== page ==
The recommendations cover a number of key themes:

  • escape the “junk food cycle”, including introducing a Salt and Sugar Reformulation Tax;
  • reduce diet-related inequality, including extending eligibility for free school meals;
  • make the best use of our land – including guaranteeing agricultural payments to help farmers transition to more sustainable land use; and
  • create a long term shift in food culture, including the development of a robust system of data collection and reporting to help monitor long term progress.

Inequality exacerbated by unequal access to food

One of the most pressing issues around food is its availability and its ability to exacerbate existing inequalities, particularly among disadvantaged groups. We have already seen that food bank use is high (disproportionately so among lower income groups) and that eating healthier food is more expensive than unhealthy food.

The shelf life of more unhealthy and highly processed food is also often longer, so it is easier to store, and food can be spread out and eaten across multiple days more easily. Processed foods, which are often higher in sugar, salt and trans fats (unhealthy fats) also often require less cooking (both in terms of heat energy required to cook them and knowledge of how to prepare them) which for people with reduced access to kitchens, experience of fuel poverty or limited knowledge of preparing food can be more convenient. Research consistently shows that people who fall into these groups are significantly more likely to come from lower socioeconomic backgrounds and have experience of poverty.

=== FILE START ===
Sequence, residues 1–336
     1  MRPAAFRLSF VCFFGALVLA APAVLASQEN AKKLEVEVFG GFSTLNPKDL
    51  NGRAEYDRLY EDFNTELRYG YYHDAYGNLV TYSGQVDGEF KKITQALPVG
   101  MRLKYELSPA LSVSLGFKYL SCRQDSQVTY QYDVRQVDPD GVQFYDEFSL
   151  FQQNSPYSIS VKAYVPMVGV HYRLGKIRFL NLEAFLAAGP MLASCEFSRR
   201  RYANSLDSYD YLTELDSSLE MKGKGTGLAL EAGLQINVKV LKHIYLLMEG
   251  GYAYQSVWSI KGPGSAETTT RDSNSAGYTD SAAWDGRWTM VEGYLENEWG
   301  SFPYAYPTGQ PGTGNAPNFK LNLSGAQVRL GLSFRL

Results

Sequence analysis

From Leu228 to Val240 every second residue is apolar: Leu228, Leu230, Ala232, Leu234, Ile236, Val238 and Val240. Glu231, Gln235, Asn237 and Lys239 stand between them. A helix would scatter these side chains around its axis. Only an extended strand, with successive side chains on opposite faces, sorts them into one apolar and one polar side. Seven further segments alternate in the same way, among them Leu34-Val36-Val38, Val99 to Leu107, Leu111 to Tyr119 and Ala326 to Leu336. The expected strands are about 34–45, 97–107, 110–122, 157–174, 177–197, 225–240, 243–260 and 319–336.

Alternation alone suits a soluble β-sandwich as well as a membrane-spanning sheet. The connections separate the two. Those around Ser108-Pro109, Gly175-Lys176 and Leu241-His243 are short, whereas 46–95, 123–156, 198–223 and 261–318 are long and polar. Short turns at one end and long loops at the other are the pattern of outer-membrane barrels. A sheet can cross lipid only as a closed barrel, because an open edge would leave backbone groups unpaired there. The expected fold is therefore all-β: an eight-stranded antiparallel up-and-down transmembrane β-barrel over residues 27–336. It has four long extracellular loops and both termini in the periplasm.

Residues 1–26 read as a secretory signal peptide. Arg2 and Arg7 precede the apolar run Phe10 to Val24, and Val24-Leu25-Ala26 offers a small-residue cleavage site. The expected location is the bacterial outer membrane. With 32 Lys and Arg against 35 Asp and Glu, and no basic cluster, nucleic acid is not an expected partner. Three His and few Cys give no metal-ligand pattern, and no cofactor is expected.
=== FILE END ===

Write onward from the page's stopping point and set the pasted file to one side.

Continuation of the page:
Steps are being taken to try and improve access to healthier food for people living on lower incomes, including free school meals and (with a bit of persuasion from Marcus Rashford) a wider roll out to also offer meals during school holidays. The government also runs a voucher system for new parents to help them get access to fresh food like fruit and vegetables.

More recently there has also been discussion about the roll out of “food on prescription” services, both for those people on lower incomes and for those people who are at risk of medical complications or disease as a result of being overweight or obese.

Photo by Tim Mossholder on Pexels.com